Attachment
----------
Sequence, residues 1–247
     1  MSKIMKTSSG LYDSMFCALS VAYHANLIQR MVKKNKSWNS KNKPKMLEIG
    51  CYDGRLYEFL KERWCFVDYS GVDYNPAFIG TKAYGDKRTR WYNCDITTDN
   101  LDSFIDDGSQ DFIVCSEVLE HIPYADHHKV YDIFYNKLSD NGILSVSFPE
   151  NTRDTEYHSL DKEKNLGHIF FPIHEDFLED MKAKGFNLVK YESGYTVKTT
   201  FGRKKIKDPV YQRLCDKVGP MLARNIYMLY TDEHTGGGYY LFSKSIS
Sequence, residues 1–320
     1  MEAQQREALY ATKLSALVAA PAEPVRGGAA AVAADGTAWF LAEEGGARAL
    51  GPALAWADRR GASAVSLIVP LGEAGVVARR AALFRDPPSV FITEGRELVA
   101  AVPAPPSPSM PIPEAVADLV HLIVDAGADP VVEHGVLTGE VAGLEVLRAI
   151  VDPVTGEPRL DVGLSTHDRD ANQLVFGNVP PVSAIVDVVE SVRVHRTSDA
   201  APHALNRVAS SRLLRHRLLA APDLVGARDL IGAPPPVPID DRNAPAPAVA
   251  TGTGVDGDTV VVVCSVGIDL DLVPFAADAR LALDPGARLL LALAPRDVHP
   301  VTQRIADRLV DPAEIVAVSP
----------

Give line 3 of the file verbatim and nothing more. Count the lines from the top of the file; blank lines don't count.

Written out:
    51  CYDGRLYEFL KERWCFVDYS GVDYNPAFIG TKAYGDKRTR WYNCDITTDN